Another drawback to using imaging techniques incorporating scintillation detectors is that all of the various radiations emitted by the source are detected by the detectors. As such, a specific radiation having an energy indicative of a specific, injected isotope cannot be easily scrutinized.

Lastly, because collimators allow for the detection of only the radiation that is emitted in a very narrow direction in space, the patient has to be injected with a relatively large amount of radioactive material.

Recently, efforts have been made to improve scintillation detector tomography. Some PET instruments now achieve a resolution as small as 4 mm. Such improvements entail considerable expenditures and have the additional drawback that the improvement in resolution has come at the cost of a decrease in counting rate. This entails in turn either a longer examination time per patient or the injection of a stronger dose of radiation. Furthermore, the prospects for further improvements in resolution are limited by the fact that such improvements require collimators with ever smaller apertures, and therefore greater mass, together with lower count rates. This increase in collimator mass will increase the number of forward Compton-scattered photons in the collimators and these forward scattered photons are often indistinguishable from those emanating directly from the source.

To obtain significant improvements in spacial resolution and in detection efficiency as well as a three dimensional location of the source, a method for focusing the radiation emanating from the source is required. Laboratory instruments utilizing the phenomenon of crystal diffraction have been used to focus x-ray and gamma-ray radiation. For instance, U.S. Pat. No. 4,429,411, issued Jan. 31, 1984, to the applicant, discloses a method of focussing x-rays and gamma rays by using bent crystals, crystals that are differentially heated, and crystals that have been differentially doped with impurities. Because of the limits on the amounts of crystal bending, differential heating, or differential doping that can be achieved in practice, these methods do not allow for devices with a focal length of less than a few meters. Aside from the problems associated with situating such large devices in a medical facility and manipulating the associated large componentry thereof, the long focal length of such large devices would also result in low detection efficiencies. Therefore, the imaging patient would need to be injected with a relatively large amount of radiation.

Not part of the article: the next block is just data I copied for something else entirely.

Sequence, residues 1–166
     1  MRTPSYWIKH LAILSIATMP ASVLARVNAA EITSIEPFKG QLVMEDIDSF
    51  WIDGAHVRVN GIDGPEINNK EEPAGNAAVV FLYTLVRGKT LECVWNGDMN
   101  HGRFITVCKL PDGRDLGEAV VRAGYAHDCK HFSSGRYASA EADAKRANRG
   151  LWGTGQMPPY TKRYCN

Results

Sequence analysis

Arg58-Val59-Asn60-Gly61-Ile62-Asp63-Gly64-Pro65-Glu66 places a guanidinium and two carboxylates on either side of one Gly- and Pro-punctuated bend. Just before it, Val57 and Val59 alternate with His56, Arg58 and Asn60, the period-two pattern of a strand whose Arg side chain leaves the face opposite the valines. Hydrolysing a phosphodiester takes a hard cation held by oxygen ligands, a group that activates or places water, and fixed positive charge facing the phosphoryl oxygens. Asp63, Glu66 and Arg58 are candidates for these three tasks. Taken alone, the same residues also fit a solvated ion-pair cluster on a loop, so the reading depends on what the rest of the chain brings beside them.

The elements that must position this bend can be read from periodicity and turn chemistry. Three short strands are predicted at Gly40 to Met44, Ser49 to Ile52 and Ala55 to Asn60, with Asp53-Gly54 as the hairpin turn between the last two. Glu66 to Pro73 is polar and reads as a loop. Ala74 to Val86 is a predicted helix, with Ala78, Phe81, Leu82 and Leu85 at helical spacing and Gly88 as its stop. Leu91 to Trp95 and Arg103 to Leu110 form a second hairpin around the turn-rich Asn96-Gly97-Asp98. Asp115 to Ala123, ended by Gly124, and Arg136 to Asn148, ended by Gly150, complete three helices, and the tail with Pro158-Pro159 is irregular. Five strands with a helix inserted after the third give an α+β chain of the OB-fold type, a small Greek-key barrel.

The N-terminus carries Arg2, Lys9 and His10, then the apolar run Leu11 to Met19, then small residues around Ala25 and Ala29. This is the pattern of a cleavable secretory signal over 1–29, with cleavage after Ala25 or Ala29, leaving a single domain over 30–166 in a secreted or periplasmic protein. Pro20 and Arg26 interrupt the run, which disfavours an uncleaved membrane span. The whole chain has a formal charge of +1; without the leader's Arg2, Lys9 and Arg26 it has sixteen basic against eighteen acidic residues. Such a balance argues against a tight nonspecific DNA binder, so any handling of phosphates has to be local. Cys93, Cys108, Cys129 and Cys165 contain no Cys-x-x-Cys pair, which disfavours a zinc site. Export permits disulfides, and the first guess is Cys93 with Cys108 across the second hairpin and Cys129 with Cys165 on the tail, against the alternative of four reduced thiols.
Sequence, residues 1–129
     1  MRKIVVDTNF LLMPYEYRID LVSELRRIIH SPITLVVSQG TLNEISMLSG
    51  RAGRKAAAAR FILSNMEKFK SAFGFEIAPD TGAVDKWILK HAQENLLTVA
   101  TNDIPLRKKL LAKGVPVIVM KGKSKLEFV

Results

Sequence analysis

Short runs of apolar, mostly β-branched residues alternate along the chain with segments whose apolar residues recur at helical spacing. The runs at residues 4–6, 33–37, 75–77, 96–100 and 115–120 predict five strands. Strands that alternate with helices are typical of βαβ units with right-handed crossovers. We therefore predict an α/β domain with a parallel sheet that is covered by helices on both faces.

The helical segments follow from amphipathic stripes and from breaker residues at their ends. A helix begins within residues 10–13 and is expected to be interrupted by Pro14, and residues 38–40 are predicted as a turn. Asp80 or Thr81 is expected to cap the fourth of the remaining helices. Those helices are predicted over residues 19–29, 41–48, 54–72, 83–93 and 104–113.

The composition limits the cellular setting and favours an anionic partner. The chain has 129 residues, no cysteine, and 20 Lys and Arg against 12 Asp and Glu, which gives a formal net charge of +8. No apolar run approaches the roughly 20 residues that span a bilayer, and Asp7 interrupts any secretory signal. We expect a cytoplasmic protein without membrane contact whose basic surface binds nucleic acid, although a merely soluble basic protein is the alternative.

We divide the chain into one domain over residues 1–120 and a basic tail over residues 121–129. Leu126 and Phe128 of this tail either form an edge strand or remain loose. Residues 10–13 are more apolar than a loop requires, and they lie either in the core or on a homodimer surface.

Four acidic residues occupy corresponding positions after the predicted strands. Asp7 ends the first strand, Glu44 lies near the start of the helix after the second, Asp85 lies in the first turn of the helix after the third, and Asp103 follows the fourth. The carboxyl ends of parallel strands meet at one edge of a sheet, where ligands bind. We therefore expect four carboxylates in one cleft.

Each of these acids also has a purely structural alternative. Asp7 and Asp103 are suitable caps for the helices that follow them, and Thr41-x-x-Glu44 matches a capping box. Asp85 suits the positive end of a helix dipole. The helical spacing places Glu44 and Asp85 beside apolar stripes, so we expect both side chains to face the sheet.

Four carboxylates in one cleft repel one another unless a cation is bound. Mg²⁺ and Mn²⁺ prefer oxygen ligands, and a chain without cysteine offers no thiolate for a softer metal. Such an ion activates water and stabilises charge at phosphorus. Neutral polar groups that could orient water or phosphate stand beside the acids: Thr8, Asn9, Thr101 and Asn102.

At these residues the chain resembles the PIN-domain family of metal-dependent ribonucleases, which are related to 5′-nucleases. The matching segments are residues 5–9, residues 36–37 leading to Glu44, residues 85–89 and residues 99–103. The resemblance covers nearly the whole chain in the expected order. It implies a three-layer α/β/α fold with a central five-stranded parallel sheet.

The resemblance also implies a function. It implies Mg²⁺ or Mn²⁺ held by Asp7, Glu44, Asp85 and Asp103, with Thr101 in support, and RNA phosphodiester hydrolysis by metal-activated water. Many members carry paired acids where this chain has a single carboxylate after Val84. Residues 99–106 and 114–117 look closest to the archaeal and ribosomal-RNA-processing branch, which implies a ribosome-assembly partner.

A need exists in the art for a method and device for imaging x-ray and gamma-ray sources with sufficient spacial resolution to accurately observe structures smaller than 8 mm in size. The method and device must have sufficient energy resolution to allow the imaging of radiation of a selected energy to the exclusion of others. The method and device also must be embodied in a manageable size for easy manipulation of pertinent portions of the method or device so as to customize imaging sessions to multiple, specific radiation energies. The method and device also must limit the radiation to which the patient is exposed by incorporating a redirecting or "focussing" mechanism to detect radiation emanating from a tumor while disregarding ambient levels of radiation.

SUMMARY OF THE INVENTION

It is an object of the present invention to provide a method and a device for imaging sources of gamma-ray and x-ray radiation that overcome many of the disadvantages of the prior art.

Another object of the present invention is to provide a device for three-dimensional imaging of sources of gamma and x-ray radiation emanating from a subject. A feature of the present invention is the use of non-coplanar arrays of lenses and detectors to record data simultaneously for analysis by a computer. An advantage of the invention is the generation of the three-dimensional image of the source while the subject is under examination.

Still another object of the present invention is to provide a method for producing a high resolution image of a radiation source located in a patient. A feature of the invention is the imaging of sources less than 4 mm in size. An advantage of the invention is the obviation of unnecessary, invasive surgical procedures.